Sunday, April 08, 2007

Doors and Granite, 7/06

Once we figured out that Craigslist was a great source for rebuilding materials, I started looking frequently (maybe that is an understatement).

Doors and granite showed up in July. Maybe it was even reposted. $500 for all of it.

Nine doors total. Five at 7' by 3' and four at 7' by 2'. From a hotel in South Carolina. Two hour fire-rated MDF.

And several pieces of granite, approximately 50" by 30" that came off the side of a bank building.

We were somewhat disappointed that they were not solid wood; however, they met our price criteria for usage and were pretty cool looking with the three large panels.

Note: I should probably define the price criteria for usage as it has been a determining factor for either going after or passing on various items. Because we are not in New Orleans, costs such as transportation and time delay have to be considered in addition to the amount that we pay for an item. And, while difficult to factor when discussing price, cool is important, too. Sometimes it can trump the decision made solely on the basic pricing criteria. Another difficult to determine value that we try to factor is the value to us of recycling vs buying new. In the case of doors, the comparitor used was the basic framed, hollow core, six panel MDF carried by [insert big box home store name here]. The house had these doors when C purchased it and they were pulled out when the house was gutted. While functional, I hate these doors. They have no soul. Kinda tin man. But (as C will tell you) I am ridiculous about these things. The price post-katrina for the big box store doors, framed, was ~$100/ea, depending on size. We felt that we would optimize our value by obtaining unframed, used doors for ~$50/ea. P felt that it would take less than an hour of his time (~$30) to frame a door. At that price, we would end up with a higher quality product than the comparitor for less than or about the same price (once transportation was taken into account).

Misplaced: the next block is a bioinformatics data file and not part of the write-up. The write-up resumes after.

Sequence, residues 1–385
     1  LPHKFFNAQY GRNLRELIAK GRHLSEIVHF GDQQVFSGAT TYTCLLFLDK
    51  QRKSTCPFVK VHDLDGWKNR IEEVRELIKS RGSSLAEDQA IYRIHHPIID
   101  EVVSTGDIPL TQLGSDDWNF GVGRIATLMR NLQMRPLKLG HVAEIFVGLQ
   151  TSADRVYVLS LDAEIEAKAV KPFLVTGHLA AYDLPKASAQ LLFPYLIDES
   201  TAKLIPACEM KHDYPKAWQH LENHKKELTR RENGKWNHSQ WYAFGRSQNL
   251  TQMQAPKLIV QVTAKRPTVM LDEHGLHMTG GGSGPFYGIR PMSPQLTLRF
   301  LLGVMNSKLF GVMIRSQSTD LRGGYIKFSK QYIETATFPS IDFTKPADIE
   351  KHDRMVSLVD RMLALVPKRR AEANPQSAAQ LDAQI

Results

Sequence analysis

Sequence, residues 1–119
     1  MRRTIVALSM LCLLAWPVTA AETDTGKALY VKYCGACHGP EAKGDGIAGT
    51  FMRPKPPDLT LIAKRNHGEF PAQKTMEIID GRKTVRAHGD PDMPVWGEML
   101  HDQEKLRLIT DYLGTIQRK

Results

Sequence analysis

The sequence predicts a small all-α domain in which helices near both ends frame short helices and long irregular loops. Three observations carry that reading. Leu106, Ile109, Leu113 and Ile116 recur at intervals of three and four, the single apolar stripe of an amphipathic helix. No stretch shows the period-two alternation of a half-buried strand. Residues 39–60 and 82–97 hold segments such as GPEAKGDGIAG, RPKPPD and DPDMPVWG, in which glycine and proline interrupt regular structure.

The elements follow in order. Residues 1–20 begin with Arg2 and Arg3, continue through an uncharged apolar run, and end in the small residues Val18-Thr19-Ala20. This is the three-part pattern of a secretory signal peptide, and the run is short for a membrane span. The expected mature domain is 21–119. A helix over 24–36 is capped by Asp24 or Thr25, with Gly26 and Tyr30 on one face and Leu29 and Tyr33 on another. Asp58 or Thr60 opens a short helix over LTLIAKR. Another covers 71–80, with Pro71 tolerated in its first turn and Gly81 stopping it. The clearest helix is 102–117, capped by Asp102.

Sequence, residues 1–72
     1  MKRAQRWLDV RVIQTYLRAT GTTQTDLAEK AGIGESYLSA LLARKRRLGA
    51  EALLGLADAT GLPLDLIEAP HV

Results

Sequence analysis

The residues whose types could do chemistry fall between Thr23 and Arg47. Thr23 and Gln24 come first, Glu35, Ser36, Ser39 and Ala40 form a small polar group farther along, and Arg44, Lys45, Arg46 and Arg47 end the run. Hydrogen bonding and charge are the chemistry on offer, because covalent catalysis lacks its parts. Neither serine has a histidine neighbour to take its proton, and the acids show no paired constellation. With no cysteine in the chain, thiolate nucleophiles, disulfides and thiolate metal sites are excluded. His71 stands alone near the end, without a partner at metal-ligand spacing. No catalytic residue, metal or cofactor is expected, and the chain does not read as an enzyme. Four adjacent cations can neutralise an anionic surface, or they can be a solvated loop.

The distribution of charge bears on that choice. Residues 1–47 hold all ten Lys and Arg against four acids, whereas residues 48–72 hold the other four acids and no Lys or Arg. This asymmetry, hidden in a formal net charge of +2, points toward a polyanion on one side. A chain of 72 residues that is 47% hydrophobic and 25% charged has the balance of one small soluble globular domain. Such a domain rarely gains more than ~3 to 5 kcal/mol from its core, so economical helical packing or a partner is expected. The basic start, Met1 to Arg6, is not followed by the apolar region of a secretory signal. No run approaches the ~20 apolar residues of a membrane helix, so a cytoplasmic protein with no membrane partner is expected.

When we asked the seller (another example where we do not have the email anymore) for what price he would sell just the doors without the granite, he said $400. He really just wanted to get rid of the granite.

There were seven pieces of granite. We did not really know what we would do with th
em, but it seemed like a good deal to get granite for countertops (later we found out how much it would cost to cut it!). So we borrowed a trailer and drove into Atlanta to pick up the goods.This stuff was heavy. Luckily, the guy we were buying from helped. And he was pretty strong. Apparently, he had been collecting this stuff and his roommate just wanted it gone. Good for us!

If I remember correctly, these doors helped us form the basic design for the back apartment (more modern, sleek, and white).

The granite is still in the yard in GA. Now that we are using slate for the counters in the front apartment, we will use some of this granite to build a table outside (I hope!).

At $400 for nine doors (~$45/ea) and $100 for seven big pieces of granite, we were pretty satisfied with the acquisition.

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